A member of the SWAT team prepares. Even if no emergency services are available, you may not receive assistance promptly following a large shooting. First and foremost, safety must be secured. In the meantime, you may be able to assist others survive.


I’d like to talk about some recent events that have been in the news: the Navy Yard, Chicago park, and Kenya mall murders.

I won’t get into the reasons or barriers to mass shootings. That’s not my area of expertise. Your guess is just as good as mine. I’d want to quickly address how to assist a victim survive a shooting after 911 has been called (if it’s available).

First Steps

Of course, the first thing you should do is make sure you’re safe. After that, all you can really accomplish is the fundamentals. Start CPR if there are no signs of life are visible. Stop bleeding as soon as possible if it’s not too severe.

To do so, apply pressure to the wound. If you were shot in the arm or leg, raise it as high as possible above your heart. A tourniquet and/or pressure dressing may be required.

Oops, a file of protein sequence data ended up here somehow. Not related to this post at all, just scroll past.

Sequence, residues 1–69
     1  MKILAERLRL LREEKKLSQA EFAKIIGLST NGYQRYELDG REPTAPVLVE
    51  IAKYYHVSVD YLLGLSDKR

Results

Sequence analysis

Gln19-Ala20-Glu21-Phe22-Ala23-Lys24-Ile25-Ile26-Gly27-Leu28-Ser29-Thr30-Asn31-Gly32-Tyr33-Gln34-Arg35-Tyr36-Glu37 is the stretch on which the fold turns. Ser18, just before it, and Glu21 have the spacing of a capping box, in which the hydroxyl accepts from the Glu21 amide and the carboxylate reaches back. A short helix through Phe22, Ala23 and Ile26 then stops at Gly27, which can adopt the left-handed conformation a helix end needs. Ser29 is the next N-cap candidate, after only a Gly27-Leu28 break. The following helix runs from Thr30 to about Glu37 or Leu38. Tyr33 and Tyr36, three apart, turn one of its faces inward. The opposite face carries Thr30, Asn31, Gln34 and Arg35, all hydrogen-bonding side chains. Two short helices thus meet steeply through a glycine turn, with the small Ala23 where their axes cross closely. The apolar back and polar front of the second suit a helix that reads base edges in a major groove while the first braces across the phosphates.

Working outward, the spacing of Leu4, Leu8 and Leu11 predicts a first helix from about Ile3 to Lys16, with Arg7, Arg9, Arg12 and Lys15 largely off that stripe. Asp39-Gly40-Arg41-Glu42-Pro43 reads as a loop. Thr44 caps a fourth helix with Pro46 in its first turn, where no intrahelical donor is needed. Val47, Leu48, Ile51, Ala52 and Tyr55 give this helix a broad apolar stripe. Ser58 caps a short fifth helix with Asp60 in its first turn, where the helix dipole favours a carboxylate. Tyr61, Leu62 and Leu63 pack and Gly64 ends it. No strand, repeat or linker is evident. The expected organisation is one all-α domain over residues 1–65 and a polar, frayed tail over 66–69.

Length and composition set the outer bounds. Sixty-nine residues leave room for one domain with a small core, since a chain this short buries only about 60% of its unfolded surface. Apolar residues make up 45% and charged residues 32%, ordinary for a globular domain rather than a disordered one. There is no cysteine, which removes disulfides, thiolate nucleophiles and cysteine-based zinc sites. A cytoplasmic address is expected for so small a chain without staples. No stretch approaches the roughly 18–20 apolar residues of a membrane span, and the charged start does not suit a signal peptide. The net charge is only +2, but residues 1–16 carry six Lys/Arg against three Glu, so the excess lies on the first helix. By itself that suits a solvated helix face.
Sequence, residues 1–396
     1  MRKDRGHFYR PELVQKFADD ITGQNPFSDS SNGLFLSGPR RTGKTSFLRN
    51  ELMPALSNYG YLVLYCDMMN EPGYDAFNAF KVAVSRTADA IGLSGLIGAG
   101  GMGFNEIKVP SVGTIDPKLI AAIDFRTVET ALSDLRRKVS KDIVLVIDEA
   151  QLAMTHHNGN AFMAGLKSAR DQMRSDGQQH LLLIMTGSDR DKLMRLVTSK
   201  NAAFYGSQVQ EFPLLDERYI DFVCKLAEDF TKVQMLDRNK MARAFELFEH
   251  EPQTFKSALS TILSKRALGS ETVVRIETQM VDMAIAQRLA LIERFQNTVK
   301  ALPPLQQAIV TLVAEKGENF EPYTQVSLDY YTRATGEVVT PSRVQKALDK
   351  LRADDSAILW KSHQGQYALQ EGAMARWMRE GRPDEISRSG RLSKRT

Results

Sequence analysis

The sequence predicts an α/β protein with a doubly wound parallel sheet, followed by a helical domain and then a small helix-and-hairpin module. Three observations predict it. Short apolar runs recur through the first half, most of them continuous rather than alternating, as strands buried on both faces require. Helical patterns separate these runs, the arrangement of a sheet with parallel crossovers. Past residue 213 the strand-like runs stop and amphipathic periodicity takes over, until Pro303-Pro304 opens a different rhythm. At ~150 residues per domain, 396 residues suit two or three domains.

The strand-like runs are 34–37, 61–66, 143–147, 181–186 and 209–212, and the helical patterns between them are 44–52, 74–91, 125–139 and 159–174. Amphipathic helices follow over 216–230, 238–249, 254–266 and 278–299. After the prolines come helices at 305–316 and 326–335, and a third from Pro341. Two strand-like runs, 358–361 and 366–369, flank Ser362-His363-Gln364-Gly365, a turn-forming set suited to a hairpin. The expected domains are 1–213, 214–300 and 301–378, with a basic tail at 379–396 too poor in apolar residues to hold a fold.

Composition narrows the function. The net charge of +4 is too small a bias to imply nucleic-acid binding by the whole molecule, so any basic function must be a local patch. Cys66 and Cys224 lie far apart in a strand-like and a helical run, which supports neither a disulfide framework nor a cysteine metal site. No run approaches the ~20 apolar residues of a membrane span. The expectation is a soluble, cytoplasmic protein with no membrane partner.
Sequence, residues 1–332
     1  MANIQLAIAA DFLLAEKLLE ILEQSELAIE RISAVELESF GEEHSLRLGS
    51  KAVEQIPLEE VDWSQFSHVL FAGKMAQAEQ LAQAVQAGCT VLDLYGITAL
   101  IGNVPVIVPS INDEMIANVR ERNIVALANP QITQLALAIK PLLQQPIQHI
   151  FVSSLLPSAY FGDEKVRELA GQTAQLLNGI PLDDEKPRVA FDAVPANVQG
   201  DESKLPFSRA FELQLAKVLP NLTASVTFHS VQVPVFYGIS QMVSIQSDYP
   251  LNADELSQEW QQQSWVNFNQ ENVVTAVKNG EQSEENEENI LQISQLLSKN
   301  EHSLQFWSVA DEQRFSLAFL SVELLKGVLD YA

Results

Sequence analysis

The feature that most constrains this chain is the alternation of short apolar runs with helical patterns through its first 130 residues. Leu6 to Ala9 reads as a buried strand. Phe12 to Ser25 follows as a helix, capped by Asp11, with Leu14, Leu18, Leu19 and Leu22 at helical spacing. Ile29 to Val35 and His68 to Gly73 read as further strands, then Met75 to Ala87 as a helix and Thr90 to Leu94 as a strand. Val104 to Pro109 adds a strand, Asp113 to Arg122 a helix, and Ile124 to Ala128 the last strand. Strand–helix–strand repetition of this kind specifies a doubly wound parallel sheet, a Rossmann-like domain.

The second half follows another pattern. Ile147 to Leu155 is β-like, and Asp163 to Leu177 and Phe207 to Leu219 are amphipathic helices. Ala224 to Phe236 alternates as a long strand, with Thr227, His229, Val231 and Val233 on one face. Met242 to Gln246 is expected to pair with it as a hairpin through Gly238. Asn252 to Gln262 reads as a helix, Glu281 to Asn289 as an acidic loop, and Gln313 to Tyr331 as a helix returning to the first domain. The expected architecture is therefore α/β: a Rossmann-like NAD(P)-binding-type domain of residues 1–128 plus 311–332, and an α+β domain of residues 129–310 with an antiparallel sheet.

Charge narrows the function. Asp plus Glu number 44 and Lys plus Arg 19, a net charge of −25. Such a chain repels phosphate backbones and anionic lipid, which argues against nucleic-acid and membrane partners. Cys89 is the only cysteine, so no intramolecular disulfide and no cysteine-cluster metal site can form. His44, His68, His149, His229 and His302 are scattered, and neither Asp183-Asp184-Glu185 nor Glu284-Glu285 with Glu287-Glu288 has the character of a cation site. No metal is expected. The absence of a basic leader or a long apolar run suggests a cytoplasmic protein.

Cover the victim to keep them warm and reduce shock.

What You Can’t Do

To be honest, there isn’t much you can do once an injury has occurred to the inner chest, abdomen, or head. There’s no way to tell for sure what’s been injured—or to fix it—without surgery. (For example, if a significant artery has been damaged, you won’t be able to stop the bleeding; if it’s the intestine, you won’t be able to stop contents from leaking out and causing serious infection and shock.)

One or more of the following may indicate significant internal injuries:

  • A pulse rate well above 100 beats per minute
  • A decreasing level of consciousness
  • If a lung is hit, there may be shortness of breath or diminished chest sound on the injured side.
  • If you’ve been wounded in the abdomen: Abdominal discomfort or distension (swelling), or bruising that is spreading across the entire abdomen

Next Steps

So, in a nutshell, the quickest and simplest approach to assist someone survive a shooting is to stop the bleeding and get expert help if possible. If you can’t stop the bleeding or see how bad the injuries are, you should always seek assistance as quickly as possible. (Ambulance? Helicopter if you’re in a remote location?)

If your loved one is severely dehydrated, don’t let them move until they can get expert assistance. Keep the individual as still as possible and look for any external injuries you can address.

If assistance isn’t on the way, you’ll have to hope for the best. Don’t give anything by mouth to someone with abdominal injuries until the pain has subsided and they are passing gas.

Photo by Kony/Unsplash

Similar Posts